Pick up your phone and make a phone call…who’s listening? Text a friend…who’s reading your text? Post a picture on Instagram…who can view your pictures (beyond those of which you allow to “follow” you)? Post something on FaceBook…who can read your post? Is “Big Brother” watching? Should he be watching?
It is an old well-worn phrase when it comes to the state and surveillance that if you have done nothing wrong and have nothing to hide then there is nothing to worry about. Shortly after the PRISM scandal broke government officials stated, “if you are a law abiding citizen of this country going about your business and your personal life you have nothing to fear, nothing to fear about the government or intelligence agencies listening to the contents of your phone calls or anything like that.” In other words the intelligence agencies were doing good work “to stop your identity being stolen, and to stop a terrorist blowing you up tomorrow. But if you are a would-be terrorist, or the center of a criminal network, or a foreign intelligence agency trying to spy, you should be worried because that is what we work on”.
William Hague was responding to suggestions that GCHQ (Government Communications Headquarters – the UKs equivalent of the NSA) might be obtaining information on British citizens through a US program called PRISM. PRISM is a NSA Program which works with the giants of Silicon Valley to extract everything from email to VoIP, photos to video conferencing. This is done from “Collection directly from the servers of these U.S. Service Providers: Microsoft, Yahoo, Google, Facebook, PalTalk, AOL, Skype, YouTube, Apple.” i.e. pretty much anyone who is anyone in the US internet business. Chillingly the Edward Snowdon who leaked the information about PRISM says “They quite literally can watch your ideas form as you type”.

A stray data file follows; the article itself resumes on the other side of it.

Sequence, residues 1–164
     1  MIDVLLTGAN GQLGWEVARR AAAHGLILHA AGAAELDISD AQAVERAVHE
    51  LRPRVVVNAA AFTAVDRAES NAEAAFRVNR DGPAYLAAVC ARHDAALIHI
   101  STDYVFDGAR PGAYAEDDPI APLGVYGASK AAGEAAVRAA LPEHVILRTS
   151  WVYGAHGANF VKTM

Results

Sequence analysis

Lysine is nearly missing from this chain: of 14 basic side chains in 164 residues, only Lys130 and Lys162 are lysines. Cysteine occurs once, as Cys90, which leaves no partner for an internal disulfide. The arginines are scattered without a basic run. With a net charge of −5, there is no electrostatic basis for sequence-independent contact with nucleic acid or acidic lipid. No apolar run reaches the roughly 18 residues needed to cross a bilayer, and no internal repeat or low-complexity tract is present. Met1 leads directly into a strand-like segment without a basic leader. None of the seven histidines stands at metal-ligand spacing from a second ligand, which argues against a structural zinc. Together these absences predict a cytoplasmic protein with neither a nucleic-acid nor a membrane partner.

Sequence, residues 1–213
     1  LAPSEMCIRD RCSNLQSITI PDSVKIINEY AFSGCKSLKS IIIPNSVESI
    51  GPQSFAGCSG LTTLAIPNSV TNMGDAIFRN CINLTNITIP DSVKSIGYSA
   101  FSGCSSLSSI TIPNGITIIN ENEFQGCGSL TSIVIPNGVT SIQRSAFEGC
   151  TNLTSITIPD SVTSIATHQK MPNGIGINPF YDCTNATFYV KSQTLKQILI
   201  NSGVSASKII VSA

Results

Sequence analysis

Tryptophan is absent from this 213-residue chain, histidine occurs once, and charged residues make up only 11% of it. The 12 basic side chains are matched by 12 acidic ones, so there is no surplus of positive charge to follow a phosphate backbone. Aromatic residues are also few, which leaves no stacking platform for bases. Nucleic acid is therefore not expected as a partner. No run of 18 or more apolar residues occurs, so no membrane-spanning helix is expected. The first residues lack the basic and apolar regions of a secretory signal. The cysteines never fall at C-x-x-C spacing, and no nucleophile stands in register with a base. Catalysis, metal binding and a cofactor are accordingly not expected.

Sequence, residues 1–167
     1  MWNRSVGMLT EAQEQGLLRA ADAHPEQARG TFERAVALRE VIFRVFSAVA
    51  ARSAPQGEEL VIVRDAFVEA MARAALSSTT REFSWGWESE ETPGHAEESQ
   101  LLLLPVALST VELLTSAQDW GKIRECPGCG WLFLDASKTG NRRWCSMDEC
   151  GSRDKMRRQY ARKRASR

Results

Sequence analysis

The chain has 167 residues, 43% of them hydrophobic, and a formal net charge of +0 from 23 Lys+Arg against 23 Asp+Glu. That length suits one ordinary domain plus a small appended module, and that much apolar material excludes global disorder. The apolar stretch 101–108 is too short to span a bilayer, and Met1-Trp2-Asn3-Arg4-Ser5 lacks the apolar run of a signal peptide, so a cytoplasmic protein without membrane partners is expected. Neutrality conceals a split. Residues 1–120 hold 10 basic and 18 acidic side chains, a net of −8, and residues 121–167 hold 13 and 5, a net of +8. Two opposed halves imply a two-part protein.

Only a day before there was another leak about US surveillance activities, this one about cell phones. The leak was a copy of a court order by the Foreign Intelligence Surveillance Court ordering the handing over of “all call detail records or "telephony metadata" created by Verizon… including but not limited to session identifying information (e.g., originating and terminating telephone number, International Mobile Subscriber Identity (IMSI) number, International Mobile station Equipment Identity (IMEI) number, etc.), trunk identifier, telephone calling card numbers, and time and duration of call”. Such information might seem harmless but can reveal surprising amounts, and from a privacy perspective it is completely indiscriminate as it covers everyone on the network. This is a far cry from obtaining a court order to get information about a few phones that are known to be used by terrorists.
Major opponents to this “collection of innocent data” ask the question, “Who is moderating the people moderating all of us? What is to prevent these people in these government agencies from using the information they obtain against the citizens of their country?”
Those that support the programs argue that some surveillance is necessary. It is a key part in preventing terrorist attacks from occurring so the question has always been about a balance between security and privacy. Before the leaking of the details of surveillance by the NSA and GCHQ most people in democracies either thought the balance was about right or more should be done to ensure security. In the United States today 47% say that the government has gone too far in restricting civil liberties, up 15% since October 2010, against only 35% believing that the security policies have not gone far enough to protect the country.
Blog Topic Question: Is this whole “spying” issue really an “issue” or are people just making something out of nothing? Is it absolutely necessary, in today’s world, for us to be expected to give up personal liberties in order to be safe? Thirdly, can we really trust governments to not abuse the information of which they are collecting?